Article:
Tim Bresnan is adamant there should be no "knee-jerk" over-reaction to England's unsuccessful Ashes tour.
After the third-Test defeat in Perth, the urn is gone with two matches still to play - and a predictable clamour for change has taken hold.
Kevin Pietersen, Matt Prior and Graeme Swann are among the high-profile first-choice regulars who have previously helped to power England to three successive Ashes series victories yet are in danger of being the fall-guys - depending which expert, or otherwise, is read or heard.
Bresnan does not see it that way.
He returned from injury in time to play at the WACA, but to little effect as he admits he did not do himself or his team justice.
Team director Andy Flower appeared ready, in the aftermath of that 150-run defeat, to countenance dropping players as he tries to balance damage limitation on this tour with the need for effective forward planning.
He even spoke specifically about the pros and cons of sticking with wicketkeeper Prior.
Bresnan, however, has great faith in England's thirtysomething old guard to prove themselves again.
He said of Prior: "He's still his usual self. All the lads who are out of form, they're not really far away.
"They just need that little bit of luck to get them going - a dropped catch here or there.
"But the Australians are putting us under quite a lot of pressure. They're holding their catches, and there's no freebies out there at the minute."
Bresnan has had many more good than bad days with team-mates he is confident can collectively bounce back.
Some, at least, will have the opportunity to do that on a high-profile stage when England face Australia again on Boxing Day in Melbourne.
"You don't become a bad player overnight," added the Yorkshire all-rounder.
"Yes, there are dips in form. But class is permanent, and a lot of these guys in this team have a serious amount of that and a serious amount of runs backing them up.
"I think he [Flower] has come out and said he won't be scared to ring the changes.
"There has been a knee-jerk reaction, calling for heads. But personally, I don't think that's right.
"We're possibly one innings or one game away from a big score ... and winning Test matches."
Bresnan was disappointed, and apologetic, about his own performance in Perth - where he and the rest of the England attack were powerless to stop Australia recovering from a first-innings 143 for five to reach 385.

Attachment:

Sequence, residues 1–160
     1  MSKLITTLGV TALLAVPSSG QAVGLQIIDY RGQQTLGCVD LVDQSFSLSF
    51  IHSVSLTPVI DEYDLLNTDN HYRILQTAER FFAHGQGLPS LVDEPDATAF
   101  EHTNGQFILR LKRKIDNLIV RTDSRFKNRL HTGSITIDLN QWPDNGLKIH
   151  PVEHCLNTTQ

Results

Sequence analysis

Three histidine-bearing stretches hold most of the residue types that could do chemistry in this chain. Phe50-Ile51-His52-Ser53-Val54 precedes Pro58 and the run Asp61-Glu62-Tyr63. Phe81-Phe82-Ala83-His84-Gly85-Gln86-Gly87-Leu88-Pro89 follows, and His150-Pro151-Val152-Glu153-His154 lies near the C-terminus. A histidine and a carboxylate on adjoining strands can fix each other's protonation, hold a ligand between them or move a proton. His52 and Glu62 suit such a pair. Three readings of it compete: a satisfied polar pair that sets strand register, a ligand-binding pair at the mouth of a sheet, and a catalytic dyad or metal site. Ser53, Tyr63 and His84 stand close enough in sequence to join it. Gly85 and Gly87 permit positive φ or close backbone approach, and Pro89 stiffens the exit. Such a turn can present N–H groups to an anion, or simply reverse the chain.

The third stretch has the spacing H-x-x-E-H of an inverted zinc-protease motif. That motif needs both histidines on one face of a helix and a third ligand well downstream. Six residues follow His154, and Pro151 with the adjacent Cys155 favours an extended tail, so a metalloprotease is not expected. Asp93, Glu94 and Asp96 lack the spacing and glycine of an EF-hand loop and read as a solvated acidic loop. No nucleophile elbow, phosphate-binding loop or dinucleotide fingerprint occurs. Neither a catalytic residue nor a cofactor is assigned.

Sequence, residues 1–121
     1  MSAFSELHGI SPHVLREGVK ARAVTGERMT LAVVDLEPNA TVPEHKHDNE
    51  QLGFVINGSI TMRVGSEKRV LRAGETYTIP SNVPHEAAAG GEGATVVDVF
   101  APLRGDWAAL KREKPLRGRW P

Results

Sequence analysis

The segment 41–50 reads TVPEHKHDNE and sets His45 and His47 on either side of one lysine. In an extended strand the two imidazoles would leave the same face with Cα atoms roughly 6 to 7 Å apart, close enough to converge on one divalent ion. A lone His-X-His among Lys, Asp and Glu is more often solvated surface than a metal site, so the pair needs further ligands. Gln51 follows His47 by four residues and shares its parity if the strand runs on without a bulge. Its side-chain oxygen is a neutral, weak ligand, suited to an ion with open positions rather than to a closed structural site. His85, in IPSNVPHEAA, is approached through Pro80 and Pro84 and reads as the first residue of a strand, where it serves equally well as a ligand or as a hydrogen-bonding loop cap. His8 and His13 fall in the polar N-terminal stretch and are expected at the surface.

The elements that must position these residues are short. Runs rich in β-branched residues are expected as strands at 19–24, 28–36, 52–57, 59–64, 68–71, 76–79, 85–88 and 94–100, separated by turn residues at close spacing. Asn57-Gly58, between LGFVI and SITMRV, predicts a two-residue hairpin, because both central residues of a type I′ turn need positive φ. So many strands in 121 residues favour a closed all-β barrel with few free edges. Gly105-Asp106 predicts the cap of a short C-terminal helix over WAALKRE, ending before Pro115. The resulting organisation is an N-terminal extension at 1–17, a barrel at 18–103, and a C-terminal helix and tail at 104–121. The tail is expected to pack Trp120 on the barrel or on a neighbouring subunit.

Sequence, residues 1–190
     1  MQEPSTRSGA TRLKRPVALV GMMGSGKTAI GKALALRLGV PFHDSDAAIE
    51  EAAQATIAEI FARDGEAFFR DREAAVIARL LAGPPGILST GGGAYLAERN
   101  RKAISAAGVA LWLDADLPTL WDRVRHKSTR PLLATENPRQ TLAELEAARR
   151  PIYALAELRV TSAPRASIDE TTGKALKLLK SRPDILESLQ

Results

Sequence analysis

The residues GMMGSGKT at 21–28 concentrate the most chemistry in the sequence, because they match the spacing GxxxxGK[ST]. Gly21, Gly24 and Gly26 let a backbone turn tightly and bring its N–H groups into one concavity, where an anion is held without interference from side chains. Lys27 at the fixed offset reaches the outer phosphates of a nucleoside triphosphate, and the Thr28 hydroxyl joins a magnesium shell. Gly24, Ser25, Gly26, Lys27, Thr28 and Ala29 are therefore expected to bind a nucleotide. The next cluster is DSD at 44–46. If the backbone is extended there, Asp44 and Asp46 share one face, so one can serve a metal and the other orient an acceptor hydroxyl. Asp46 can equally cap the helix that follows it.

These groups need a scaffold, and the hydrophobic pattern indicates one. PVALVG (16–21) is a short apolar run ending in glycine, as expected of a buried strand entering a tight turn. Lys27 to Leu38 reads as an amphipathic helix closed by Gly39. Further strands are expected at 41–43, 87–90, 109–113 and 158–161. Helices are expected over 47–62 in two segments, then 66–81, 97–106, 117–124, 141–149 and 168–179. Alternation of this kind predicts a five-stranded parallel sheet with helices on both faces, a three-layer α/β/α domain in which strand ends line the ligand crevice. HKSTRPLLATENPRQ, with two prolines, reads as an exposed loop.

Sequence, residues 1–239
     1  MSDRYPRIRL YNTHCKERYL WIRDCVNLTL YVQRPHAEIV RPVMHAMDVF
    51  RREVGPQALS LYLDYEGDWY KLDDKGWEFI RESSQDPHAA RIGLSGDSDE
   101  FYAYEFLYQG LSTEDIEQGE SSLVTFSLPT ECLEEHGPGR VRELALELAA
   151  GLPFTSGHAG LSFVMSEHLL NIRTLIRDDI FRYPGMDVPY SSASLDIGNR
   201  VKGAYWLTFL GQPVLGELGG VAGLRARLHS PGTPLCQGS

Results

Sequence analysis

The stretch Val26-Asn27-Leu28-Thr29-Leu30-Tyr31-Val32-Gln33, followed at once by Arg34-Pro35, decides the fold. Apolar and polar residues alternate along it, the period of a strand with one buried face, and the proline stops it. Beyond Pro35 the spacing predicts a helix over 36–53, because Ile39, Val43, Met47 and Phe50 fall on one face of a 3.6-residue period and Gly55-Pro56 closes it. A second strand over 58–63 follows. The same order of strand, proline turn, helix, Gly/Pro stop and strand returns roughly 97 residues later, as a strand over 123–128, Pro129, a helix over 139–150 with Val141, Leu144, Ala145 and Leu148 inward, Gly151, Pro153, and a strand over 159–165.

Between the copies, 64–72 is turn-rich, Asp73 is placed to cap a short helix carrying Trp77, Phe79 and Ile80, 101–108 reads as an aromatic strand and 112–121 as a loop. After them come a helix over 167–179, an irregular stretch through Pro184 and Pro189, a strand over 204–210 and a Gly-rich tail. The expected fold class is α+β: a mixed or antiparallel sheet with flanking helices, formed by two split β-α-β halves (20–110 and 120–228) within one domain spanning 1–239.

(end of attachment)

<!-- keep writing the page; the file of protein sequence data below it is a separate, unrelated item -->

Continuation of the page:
"It's a tough Test to come into, Perth, having not played much cricket before," he said.
"But I can't use that as an excuse. From a personal point of view, I wasn't good enough.
"I'm striving to retain my place, and try to put that right in Melbourne."
David Warner was one of Bresnan's toughest opponents at the WACA, and potentially will be again at the MCG.
The combative opener is just as likely to smash a length ball over the bowler's head for six as give it the respect usually accorded to a decent delivery in a five-day contest.
Bresnan knows what he is up against, and does not mind Warner coming at him - because the risk involved gives him a chance of a big wicket too.
He said: "That's the way he plays his cricket; he wants to put you under pressure.
"But with that, he's always going to give you a chance.
"If I bowl my best ball, and he whacks it for six, fair play to him. It must be a good shot.
"If I bowl a bad one, and he hits it for six, that's my fault."
Bresnan reasons that he and his fellow England players must take the same level of responsibility for another, off-the-field, aggravation which has beset one of their number since Perth.
Swann apologised on Thursday for a regrettable metaphor he used on his brother Alec's Facebook page.
It was a reminder of the dangers for public figures when they venture on to social-media platforms, one Bresnan himself discovered in his early forays as an international cricketer back in 2009.
These days, he is vigilant at all times about the folly of off-the-cuff remarks which may end up being read by tens of thousands of people.
"No matter what you put on social media, you've got to do it as if you were giving a face-to-face or live interview," said Bresnan.
"It's out there, and you can't pull it back.
"There's always people on the look-out for things like that."
Swann, like him, must therefore live and learn.
"Graeme crossed that line, but he's apologised - so that's the end of it," he said.
"I don't think it will affect him too much.
"People have dictaphones everywhere; walls have ears, so you've always got to be careful what you're saying and where you're saying it."